“Women also need to change; they need to recognize that they may have to work harder to get the exposure and seek out opportunities rather than just waiting for them. They also do need to be aware of the disparity and manage their careers if they want to reach the senior levels,” says Jorkasky.
“Women need to recognize opportunities and see the challenges as a means to distinguish their career, their company, and their industry,” says Susman.
The Place Of The Mentor
Just by being in an executive position, women can be role models — but they also can actively support and mentor the women within their organizations, providing an important role in career development for women.
“Mentoring is very important, and not only female mentors but also male mentors who understand the differences in skills and styles between the sexes,” says Celniker.
Stuart supports this. “My mentor, who happened to be male, took an interest in me and helped me lay out my career path. I hope that I am carrying this on with my reports, with women at work, and at my alma mater. It’s exciting to watch these women develop and grow in confidence.”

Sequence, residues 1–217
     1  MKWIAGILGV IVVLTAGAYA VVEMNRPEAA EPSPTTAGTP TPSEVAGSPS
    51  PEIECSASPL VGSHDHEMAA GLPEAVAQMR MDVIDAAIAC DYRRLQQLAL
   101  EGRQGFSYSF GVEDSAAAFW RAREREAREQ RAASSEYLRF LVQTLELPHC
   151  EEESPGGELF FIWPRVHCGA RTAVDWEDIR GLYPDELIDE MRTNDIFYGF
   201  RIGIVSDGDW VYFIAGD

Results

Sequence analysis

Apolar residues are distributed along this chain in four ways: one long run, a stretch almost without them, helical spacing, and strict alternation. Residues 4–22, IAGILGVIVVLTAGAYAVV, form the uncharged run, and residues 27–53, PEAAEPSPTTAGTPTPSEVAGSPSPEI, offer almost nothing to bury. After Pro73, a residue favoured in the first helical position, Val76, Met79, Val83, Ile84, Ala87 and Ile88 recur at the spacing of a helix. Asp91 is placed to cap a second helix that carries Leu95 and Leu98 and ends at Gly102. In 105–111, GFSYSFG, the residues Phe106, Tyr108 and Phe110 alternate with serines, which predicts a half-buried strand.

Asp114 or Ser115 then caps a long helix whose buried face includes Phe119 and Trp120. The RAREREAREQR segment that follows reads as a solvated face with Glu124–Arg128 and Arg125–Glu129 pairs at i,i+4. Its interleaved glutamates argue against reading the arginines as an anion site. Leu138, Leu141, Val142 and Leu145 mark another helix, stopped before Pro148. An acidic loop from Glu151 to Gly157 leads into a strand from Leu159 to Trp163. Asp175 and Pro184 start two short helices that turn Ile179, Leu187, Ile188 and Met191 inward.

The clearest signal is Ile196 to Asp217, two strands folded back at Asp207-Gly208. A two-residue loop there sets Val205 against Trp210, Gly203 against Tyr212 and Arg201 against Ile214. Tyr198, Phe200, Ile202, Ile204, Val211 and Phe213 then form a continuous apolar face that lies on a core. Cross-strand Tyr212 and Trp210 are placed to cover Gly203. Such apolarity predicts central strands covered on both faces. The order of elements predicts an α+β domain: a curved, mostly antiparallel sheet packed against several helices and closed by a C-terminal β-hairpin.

“Senior-level women can make connections and advise about ways around hurdles,” says Celniker. “By creating an internal network, they can also help reduce the attrition rate of women in the industry and help set an example so that women feel confident going forward for promotions.”
The Last Word
It’s vitally important to create a culture of respect for both men and women, where both can move up the organization based on their skills, not their gender. “Overall, the industry needs to change, in order to more closely mirror the communities in which it operates, but women must realize they need to take a strong role in changing it,” says Susman. “They need to be mentors, to encourage, be open, be available, in effect, be good leaders.”
“Women, especially younger women, have changed organizations and changed perceptions by proving that they can take the responsibility and still have families and lives outside work,” says Stuart.